Farrell Says STL Trying Individuals Not Parties, Offers Help in Tueni, Gemayel Cases
The Prosecutor of the U.N.-backed Special Tribunal for Lebanon, Norman Farrell, pointed out Wednesday that the tribunal is not trying political parties, organizations or states but rather individuals.
Speaking during an STL-organized meeting with journalists in The Hague, Farrell noted that the court does not have jurisdiction, so far, to look into the assassinations of MP Gebran Tueni, industry minister Pierre Gemayel and other figures who were murdered after Hariri's assassination. He, however, added that the STL can establish jurisdiction over the cases should it discover links to Hariri's case.
The Prosecutor also announced that the court is willing to help Lebanese authorities in the investigations.
As for the new indictment that he filed with the Pre-Trial Judge in July 2017, Farrell told journalists that he cannot unveil its content before its confirmation by the judge.
Noting that he is convinced of the evidence he cited in his case, the Prosecutor revealed that he has managed to verify the involvement of three phone lines in activities linked to monitoring Hariri's movement prior to the bomb attack.
Farrell also noted that Hizbullah's declaration that its former military commander Mustafa Badreddine had been killed in combat in Syria verifies that he had a strong military experience, which would strengthen the Prosecution's argument rather than weaken it.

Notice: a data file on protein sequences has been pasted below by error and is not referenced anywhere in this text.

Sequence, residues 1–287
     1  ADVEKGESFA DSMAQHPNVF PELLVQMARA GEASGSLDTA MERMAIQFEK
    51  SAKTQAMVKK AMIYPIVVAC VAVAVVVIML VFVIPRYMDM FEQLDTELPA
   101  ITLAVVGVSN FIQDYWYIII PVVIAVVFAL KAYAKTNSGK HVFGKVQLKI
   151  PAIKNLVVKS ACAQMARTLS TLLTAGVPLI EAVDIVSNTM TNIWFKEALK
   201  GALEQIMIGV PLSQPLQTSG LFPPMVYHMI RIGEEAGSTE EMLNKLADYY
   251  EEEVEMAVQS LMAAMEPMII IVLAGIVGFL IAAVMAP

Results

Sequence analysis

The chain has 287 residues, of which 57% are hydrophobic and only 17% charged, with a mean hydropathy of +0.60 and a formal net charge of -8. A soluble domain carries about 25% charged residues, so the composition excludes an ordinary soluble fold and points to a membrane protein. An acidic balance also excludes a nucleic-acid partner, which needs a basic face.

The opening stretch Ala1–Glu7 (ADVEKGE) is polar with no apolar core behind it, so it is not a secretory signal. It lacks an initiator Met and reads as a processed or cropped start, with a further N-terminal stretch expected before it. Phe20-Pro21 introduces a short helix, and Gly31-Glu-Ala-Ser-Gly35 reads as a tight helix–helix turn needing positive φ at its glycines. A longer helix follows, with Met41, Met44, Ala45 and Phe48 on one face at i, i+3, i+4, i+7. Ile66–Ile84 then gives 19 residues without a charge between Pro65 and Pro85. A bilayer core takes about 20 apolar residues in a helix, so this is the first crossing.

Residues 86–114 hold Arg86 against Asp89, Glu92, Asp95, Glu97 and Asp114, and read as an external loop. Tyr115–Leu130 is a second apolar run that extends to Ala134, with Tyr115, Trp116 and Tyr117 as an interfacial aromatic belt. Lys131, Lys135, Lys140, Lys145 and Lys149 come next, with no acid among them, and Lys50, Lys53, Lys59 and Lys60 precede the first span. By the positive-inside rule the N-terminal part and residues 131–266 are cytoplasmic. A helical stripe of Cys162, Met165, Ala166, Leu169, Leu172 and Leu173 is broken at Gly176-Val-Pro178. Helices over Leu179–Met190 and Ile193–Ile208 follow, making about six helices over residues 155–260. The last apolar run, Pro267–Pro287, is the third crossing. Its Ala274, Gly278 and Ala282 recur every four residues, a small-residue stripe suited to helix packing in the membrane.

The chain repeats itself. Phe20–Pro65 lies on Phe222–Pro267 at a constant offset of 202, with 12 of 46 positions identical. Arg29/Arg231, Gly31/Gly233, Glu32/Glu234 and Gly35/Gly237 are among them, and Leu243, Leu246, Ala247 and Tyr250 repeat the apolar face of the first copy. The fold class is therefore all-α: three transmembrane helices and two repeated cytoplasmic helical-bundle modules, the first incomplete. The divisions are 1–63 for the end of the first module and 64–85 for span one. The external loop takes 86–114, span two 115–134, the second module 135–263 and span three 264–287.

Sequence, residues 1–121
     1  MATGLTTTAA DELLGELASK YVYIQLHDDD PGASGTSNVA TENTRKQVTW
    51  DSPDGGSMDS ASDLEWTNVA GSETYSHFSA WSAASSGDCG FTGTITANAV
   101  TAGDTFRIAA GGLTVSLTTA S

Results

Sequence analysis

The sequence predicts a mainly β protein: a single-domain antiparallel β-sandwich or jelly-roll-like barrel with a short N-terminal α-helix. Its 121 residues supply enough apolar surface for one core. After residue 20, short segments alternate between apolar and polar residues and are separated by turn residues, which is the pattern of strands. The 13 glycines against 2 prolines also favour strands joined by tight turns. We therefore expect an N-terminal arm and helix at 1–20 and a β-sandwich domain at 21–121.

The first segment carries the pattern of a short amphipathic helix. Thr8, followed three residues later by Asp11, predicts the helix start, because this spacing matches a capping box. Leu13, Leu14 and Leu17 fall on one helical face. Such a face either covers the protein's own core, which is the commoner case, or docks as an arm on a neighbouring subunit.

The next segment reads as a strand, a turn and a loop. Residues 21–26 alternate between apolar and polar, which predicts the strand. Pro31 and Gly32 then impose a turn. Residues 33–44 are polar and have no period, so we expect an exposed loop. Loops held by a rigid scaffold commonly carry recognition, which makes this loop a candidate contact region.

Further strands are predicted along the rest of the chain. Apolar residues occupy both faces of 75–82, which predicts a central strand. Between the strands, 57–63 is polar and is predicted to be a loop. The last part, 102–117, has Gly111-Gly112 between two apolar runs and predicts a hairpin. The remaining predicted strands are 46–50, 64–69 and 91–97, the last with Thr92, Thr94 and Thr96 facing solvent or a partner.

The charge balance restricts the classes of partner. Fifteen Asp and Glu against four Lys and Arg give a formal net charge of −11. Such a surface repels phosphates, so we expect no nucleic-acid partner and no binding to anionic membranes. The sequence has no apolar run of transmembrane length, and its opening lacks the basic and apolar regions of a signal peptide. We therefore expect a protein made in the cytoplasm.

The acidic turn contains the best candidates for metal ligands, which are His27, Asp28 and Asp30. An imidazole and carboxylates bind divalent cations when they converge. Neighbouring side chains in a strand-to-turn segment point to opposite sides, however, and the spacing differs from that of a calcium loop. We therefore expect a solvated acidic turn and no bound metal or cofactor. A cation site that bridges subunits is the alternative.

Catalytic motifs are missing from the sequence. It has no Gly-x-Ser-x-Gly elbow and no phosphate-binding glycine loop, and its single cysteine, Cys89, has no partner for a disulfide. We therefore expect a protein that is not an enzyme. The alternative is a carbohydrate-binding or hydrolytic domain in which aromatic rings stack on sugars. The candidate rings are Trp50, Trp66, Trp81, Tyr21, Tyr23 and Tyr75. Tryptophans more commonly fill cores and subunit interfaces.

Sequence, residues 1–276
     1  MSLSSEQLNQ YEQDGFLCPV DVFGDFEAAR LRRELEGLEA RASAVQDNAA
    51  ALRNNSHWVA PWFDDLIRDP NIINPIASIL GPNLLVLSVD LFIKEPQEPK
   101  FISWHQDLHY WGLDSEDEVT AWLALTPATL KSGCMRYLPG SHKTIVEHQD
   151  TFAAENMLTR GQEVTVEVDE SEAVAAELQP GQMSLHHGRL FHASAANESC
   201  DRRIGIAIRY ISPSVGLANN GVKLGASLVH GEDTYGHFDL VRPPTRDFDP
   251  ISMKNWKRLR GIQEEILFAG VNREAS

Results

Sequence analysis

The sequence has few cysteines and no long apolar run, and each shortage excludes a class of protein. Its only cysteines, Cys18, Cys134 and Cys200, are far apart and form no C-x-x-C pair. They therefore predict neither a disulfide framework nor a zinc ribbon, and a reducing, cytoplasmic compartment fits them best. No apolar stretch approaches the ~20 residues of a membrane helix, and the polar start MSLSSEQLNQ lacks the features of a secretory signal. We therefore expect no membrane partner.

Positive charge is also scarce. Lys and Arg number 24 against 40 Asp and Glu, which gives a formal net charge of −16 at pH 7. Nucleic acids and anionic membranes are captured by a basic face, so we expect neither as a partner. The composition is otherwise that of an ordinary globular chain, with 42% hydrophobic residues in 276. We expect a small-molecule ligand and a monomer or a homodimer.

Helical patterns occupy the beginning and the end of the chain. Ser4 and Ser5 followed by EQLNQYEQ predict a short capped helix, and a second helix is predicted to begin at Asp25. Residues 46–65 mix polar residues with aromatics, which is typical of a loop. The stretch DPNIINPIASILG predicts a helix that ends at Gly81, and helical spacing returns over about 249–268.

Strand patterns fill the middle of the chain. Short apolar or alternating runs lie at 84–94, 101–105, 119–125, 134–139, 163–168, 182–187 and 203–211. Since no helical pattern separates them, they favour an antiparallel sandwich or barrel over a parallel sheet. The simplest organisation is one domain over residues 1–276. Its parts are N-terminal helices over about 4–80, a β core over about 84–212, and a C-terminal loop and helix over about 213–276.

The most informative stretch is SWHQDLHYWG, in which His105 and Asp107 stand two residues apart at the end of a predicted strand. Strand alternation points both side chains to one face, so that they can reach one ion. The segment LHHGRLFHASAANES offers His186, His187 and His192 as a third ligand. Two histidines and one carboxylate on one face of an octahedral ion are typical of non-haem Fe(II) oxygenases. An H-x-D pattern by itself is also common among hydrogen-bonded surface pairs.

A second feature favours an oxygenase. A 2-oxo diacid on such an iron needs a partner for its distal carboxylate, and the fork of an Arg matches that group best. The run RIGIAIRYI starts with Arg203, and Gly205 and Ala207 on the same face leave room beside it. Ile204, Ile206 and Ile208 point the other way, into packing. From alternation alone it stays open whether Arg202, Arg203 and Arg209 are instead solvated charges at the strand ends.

The STL had on February 7 announced that the Prosecutor had completed the presentation of evidence, marking the conclusion of the prosecution case.
Since the start of the Prosecution case, the Prosecution has presented evidence from over 260 individual witnesses and about 2,470 exhibits in documentary form, the STL said.
“On 20 and 21 February, the Trial Chamber will hear the Rule 167 submissions of the Defense, any response from the Prosecution and any reply from the Defense. A judgment of acquittal or a decision dismissing the application will be delivered in court as soon as practicable thereafter,” the court added.
The Ayyash et al. case relates to the February 14, 2005 attack which killed 22 individuals, including former Prime Minister Rafik Hariri, and injured 226 others.
The Accused Salim Jamil Ayyash, Hassan Habib Merhi, Hussein Hassan Oneissi and Assad Hassan Sabra remain at large. The proceedings against them are being held in absentia. On July 11, 2016, the Appeals Chamber ordered the termination of the proceedings against slain Hizbullah commander Mustafa Badreddine.
The trial is making it possible for the Lebanese people to see evidence being presented and challenged, as well as witnesses testifying and being cross-examined in public.
Hizbullah chief Sayyed Hassan Nasrallah has dismissed the court as a U.S.-Israeli scheme and vowed that the accused will never be found.